Meet Your Maker

Meet Your Maker: Rick Turner

The guitar world lost a legend on April 17, 2022, when iconic luthier Rick Turner, creator of the Model 1 electric that Lindsey Buckingham made famous, passed away at 78.

In honor of Rick and his legacy, we want to share in full his "Meet Your Maker" interview from Connoisseur V1E4, written by Dan Epstein, with photos by Sandor Nagyszalanczy.

“Even when I was six years old, my heroes were inventors and engineers,” says Rick Turner. “My aunt was an educator, and she always fed me books for Christmas and my birthday, and a lot of them were about invention and engineering. So I got encouragement early on to be an inventor. 

The passion for invention has served Turner well. For over 55 years, the renowned luthier—now a youthful 78—has been crafting guitars and basses that are as ingenious as they are gorgeous. Though probably best known for his Model 1 guitar (originally built for and made famous by Lindsey Buckingham) Turner’s creative fingerprints can be found on everything from Alembic’s groundbreaking guitars and basses of the 1970s to game-changing innovations in instrument construction and pickup electronics. And as proprietor of Rick Turner Guitars, a boutique operation based in Santa Cruz, California, he’s still seeking out new ways to refine, improve and beautify both his instruments and the experience of playing them. “My head is full of little half-baked ideas just waiting for the right technology to come along,” he laughs. 

Turner’s odyssey as a luthier began over 3,000 miles from Santa Cruz, in the quaint New England coastal town of Marblehead, Massachusetts where he grew up. “I was probably 16 at the time,” he recalls. “I’d found this 1890s Fairbanks & Cole banjo in an antique store, and I thought, ‘Well, I’ll just take it apart and refinish it and fix it up.’ And that was the start!”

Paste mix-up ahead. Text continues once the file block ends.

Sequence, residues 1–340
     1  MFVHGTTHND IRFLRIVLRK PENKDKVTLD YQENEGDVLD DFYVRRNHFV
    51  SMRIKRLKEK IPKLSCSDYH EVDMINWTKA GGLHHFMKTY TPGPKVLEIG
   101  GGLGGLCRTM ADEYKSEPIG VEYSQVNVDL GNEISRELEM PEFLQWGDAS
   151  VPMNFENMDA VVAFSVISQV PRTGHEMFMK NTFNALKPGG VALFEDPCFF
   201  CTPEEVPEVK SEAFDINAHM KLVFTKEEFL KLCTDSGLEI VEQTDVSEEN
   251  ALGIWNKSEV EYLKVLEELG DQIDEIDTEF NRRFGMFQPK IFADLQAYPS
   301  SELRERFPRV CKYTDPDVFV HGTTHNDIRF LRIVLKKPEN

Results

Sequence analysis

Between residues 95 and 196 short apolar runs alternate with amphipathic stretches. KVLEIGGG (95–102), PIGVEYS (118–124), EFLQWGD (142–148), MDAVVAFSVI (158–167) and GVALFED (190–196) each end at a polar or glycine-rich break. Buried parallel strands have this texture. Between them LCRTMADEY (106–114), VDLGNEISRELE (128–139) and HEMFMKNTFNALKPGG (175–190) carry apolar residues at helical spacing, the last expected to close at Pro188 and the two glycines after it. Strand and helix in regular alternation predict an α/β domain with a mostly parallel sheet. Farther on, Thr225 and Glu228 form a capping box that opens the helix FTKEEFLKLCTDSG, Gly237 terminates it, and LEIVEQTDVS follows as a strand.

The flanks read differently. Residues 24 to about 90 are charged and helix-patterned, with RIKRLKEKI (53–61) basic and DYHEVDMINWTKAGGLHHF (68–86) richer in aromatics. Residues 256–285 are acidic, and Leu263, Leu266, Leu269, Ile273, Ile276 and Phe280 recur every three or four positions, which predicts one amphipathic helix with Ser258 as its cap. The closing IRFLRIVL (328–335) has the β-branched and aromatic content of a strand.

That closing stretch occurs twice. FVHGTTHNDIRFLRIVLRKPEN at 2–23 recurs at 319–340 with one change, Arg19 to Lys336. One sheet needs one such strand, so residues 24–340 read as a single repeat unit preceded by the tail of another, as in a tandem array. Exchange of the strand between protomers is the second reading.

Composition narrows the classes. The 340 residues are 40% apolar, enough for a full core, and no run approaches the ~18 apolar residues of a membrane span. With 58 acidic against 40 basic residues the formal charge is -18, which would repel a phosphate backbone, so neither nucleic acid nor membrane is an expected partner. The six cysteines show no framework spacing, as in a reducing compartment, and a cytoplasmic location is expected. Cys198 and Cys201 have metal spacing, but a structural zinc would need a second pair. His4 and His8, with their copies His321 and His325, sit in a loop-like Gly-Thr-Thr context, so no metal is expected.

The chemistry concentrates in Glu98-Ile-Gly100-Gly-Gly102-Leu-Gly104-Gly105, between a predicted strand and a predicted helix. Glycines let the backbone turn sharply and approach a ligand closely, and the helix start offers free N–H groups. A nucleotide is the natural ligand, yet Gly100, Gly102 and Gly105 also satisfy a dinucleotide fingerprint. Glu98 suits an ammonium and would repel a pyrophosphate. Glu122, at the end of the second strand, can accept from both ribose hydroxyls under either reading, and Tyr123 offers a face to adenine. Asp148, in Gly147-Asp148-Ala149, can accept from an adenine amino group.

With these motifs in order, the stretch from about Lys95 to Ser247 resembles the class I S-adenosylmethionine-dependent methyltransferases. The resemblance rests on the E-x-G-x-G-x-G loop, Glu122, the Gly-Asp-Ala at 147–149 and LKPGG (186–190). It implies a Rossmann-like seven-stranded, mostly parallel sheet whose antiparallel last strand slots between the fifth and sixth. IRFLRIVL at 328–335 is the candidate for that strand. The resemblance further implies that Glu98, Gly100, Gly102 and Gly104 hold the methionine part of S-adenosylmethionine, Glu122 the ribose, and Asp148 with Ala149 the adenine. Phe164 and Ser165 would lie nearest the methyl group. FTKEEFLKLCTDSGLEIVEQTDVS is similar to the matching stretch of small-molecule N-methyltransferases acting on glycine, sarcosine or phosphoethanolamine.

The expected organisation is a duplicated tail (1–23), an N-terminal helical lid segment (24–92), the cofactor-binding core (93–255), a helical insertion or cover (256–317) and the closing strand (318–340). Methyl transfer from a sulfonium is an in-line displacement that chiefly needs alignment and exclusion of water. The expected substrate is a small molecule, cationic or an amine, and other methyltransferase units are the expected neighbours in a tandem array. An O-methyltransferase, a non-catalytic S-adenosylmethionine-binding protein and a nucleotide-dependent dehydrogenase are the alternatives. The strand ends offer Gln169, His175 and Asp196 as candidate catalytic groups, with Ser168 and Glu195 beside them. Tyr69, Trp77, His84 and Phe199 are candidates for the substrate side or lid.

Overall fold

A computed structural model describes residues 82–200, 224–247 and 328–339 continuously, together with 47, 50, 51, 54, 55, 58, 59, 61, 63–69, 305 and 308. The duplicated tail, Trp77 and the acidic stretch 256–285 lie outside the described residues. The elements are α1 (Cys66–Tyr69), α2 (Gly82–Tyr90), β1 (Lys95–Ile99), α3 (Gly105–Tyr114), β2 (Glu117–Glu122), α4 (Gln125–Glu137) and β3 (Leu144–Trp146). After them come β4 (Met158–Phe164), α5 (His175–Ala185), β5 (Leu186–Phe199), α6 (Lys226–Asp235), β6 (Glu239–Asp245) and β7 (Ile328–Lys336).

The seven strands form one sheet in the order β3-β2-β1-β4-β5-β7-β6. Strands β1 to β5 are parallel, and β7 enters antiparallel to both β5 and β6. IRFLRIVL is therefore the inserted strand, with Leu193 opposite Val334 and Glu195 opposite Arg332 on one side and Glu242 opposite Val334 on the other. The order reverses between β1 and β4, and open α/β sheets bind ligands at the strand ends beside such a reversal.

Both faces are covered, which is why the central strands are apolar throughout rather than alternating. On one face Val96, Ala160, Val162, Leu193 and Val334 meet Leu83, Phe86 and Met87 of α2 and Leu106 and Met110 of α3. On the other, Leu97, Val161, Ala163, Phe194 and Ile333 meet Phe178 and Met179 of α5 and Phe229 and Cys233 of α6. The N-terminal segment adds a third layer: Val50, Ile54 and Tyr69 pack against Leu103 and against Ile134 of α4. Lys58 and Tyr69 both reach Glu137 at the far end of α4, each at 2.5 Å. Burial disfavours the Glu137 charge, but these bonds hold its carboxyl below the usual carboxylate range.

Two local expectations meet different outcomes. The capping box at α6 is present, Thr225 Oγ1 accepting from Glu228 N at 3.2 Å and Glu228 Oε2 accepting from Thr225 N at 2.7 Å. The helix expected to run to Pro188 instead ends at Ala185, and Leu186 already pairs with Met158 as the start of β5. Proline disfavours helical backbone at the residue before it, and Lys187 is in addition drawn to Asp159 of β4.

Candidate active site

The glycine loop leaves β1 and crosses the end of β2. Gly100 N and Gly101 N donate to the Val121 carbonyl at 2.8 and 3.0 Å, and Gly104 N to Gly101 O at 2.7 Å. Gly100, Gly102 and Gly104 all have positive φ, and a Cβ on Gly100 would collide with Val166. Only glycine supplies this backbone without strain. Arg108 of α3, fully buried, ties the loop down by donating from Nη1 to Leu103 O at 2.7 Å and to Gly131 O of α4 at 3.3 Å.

In 1963, Turner began working as an apprentice for small Boston guitar repair shop run by jazz guitarist Don Gadbois and cabinet maker Stan Stansky, and was soon doing his own repairs on the side. But while he clearly had a knack for it, a career in guitar repair temporarily took a backseat to Turner’s musical ambitions. After cutting his teeth on the local coffeehouse scene with the Holy Modal Rounders-esque ‘punk bluegrass’ combo Banana and the Bunch (which also featured future members of The Youngbloods), Turner landed a touring gig in 1965 with popular Canadian folk duo Ian & Sylvia. “And when that was over, I went to ‘the dark side’ and started playing electric,” Turner recalls. “I moved over from playing a Martin D-28 to a Gibson ES-335, and then to a Fender Duo-Sonic.” 

Upon moving to New York City in 1966, the electrically-armed Turner formed Autosalvage, a weird noise band whose self-titled 1968 album remains highly esteemed by aficionados of freaky fuzz. “We had a good time, what can I say?” laughs Turner, who bolstered his meagre musician’s income with occasional side work at Dan Armstrong’s repair shop in midtown Manhattan. Though Autosalvage broke up several months before RCA got around to issuing their lone album, the band’s lasting legacy is that it served as the testing ground for a salvage project of a different sort: Turner’s first electric guitar build. 

The Peanut  

“A friend of mine sold me a smashed SG,” Turner explains. “All that was left was the neck, the hardware and the humbuckers. I designed a little symmetrical body for it, had a local cabinet maker cut it out in mahogany for me; I veneered the back and sides in walnut, bound the top and back in maple, put the neck on it and wired up the pickups in stereo. That became my main guitar in Autosalvage, and from then on I was hooked on the idea of building electrics.”